Get your popcorn and fold-able chair ready ladies and gents. The New York Mets have announced they are activating Jose Reyes.
On the final day of October last fall, Jose Reyes allegedly grabbed his wife, Katherine Ramirez, by the throat in their Hawaii hotel room and shoved her into a sliding door. The incident left Ramirez, according to a police report, with injuries to her neck, the side of her body, and her wrist. Reyes was arrested on misdemeanor charges of abusing a family member.
Eight months later, those remain the sole details we know of that day. Charges against Reyes were dropped because Ramirez refused to return to the state to cooperate with prosecutors. While Major League Baseball dispensed investigators to the locale, they did not reveal the contents of their investigation. But commissioner Rob Manfred did punish Reyes with a 51-game suspension — the second-longest of three punishments MLB has meted out under its 10-month-old domestic violence policy.
Prepare for the boos. The cheers. The Op-Eds. Many of them from this very site. Sadly, we all deep down, knew this day would arrive sooner or later. Although Reyes’ abilities are in decline (He can still hit a little, however as I’m told by you very readers, his defense has turned to shit.), he is still good enough to tempt a desperate, misguided team into acquiring his services. Of course, the topic of Reyes’ return will be a much discussed one. Should a player who committed such a terrible act be banned from working again? Is that right? He was punished, and served his punishment, and while we can all debate the appropriateness of said punishment, and can bring up how he very clearly escaped proper legal persecution, is it right to completely ban him from baseball?
“It’s really concerning,” says Matson, co-director of a reproductive rights organization. “There’s a part of me that just feels incredibly sad that at the end of the day baseball is a business. And I get attached to players that come and go, but it’s business decisions that come and go who is on the roster. Period. So let’s talk about the fact that in 2016 there’s still highly paid people making a business decision that someone with this public track record on domestic violence is considered a profitable asset.
“It’s stunning to think about that. That’s just where we are.”
So what should be done about it? Should MLB have completely banned Reyes from returning? Should all the teams have blackballed him?
Still, as she expresses her indignation, Matson comes to a stop when asked if Reyes should be able to play again. This is where the policy-making of punishing domestic violence jars with the morality of it. Where her life as a victim meets her experience as an advocate.
“While it seems really good to say ‘Oh, you should be banned from the sport entirely’ – and there’s a part of me that’s right there – but from a victim advocacy standpoint what makes me very uncomfortable about that is that actually places an incredible burden on people who may be abused,” she says. “It might actually put them more at risk because if your abuser is caught, whether or not it’s your fault, there’s something much bigger at risk. You hear about this at victim advocacy community — if their abuser loses their job not only are they at more risk because the abuser is at home more, but also that anger may come out at them.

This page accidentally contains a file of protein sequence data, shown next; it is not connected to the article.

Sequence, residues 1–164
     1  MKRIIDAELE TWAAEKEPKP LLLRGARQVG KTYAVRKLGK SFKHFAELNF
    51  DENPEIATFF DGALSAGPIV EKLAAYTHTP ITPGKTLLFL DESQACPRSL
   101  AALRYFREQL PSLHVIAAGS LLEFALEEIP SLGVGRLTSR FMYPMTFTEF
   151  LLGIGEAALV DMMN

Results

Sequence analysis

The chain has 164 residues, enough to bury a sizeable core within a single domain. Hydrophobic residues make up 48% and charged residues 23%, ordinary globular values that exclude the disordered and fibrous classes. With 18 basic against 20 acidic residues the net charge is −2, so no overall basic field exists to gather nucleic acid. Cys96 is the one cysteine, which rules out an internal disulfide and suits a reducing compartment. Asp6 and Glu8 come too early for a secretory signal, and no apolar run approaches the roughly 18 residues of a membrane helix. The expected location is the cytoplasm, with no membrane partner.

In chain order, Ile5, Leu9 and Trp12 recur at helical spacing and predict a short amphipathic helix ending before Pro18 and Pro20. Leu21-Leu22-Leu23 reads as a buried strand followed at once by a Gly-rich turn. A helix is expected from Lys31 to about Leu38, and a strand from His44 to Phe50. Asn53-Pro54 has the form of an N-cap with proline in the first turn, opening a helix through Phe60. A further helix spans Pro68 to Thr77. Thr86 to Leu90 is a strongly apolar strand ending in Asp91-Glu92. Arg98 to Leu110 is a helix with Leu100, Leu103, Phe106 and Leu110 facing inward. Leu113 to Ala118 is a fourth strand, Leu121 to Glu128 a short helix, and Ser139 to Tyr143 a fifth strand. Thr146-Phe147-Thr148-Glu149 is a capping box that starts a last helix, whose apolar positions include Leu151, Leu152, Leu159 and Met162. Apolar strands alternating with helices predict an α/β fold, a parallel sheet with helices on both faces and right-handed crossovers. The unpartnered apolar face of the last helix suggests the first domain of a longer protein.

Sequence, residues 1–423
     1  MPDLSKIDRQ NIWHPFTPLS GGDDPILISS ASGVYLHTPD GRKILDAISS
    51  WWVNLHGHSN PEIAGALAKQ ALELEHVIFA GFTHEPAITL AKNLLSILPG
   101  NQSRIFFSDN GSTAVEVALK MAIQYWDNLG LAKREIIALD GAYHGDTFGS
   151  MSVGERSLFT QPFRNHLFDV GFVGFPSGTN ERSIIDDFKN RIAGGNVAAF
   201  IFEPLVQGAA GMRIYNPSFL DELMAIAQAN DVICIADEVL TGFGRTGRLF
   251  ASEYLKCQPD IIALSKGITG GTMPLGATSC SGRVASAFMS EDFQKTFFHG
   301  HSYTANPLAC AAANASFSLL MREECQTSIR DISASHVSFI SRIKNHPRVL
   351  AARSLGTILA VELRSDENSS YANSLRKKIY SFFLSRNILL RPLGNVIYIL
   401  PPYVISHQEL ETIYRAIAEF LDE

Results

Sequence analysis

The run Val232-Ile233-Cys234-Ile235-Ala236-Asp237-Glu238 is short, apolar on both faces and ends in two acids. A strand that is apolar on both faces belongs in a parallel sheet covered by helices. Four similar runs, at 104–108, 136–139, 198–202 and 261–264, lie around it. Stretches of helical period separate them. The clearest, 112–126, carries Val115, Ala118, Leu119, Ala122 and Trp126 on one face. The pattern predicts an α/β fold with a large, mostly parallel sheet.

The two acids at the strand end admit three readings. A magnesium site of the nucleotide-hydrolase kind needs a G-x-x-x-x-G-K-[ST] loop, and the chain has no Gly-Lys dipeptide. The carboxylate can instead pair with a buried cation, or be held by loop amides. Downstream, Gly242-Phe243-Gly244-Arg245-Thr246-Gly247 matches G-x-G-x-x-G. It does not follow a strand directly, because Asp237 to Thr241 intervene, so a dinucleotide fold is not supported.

“I just want to throw that out there that it feels really satisfying to say that people should be barred and on a certain level I believe that, and yet, on that, I’m afraid of constructing black or white policies that might in fact place victims in more danger.”
Zero-Tolerance policies are troublesome, because they actually increase the risk to those that are abused. You see, if a player knows that once 911 is dialed, their career is over, the risks of homicide shoots through the roof.
So no matter what you think of the person Jose Reyes is, remember that sadly, the situation is not as cut and dry as we may desire it to be. We may all want Reyes to go the hell away and never come back, he still has a right to go back to work. Of course we have the right to boo him and remind him every opportunity what a piece of crap he really is. Just don’t ever forget what happened last fall. Don’t forget when Reyes gets a game winning RBI that he is an abuser and doesn’t deserve our admiration or respect.
ScoutsUpdate: Reyes received a standing ovation upon his return to the Mets. New York, you disgust me.
ScoutsUpdate: Thanks for making it even easier to hate New York fans. Granted not all are bad, but holy shit, this is just offensive and disgusting.
“What he did during the offseason is none of my personal business,” said fan Joe Devine as he walked toward the stadium. “If he beat on his wife, none of my personal business. He wants to play baseball, let him play baseball.
“If he can hit, fine,” Devine added.
“I didn’t want him back considering what he did, but he seemed to be regretful and he seemed to be sincere so he’s worth giving a second chance,” said Nancy Kelly, 55, a yoga instructor from Northport, L.I.
Well it’s nice that he regrets brutally beating his wife, grabbing her by the throat, and slamming her into a glass door. Good for him. What a swell guy.
“Domestic violence kills thousands of women every year and it’s time professional sports actually takes it seriously,” City Council Speaker Melissa Mark-Viverito said after the Reyes signing. “The Mets should be ashamed.”
Ashamed does not even begin to describe how Met fans should be feeling right now.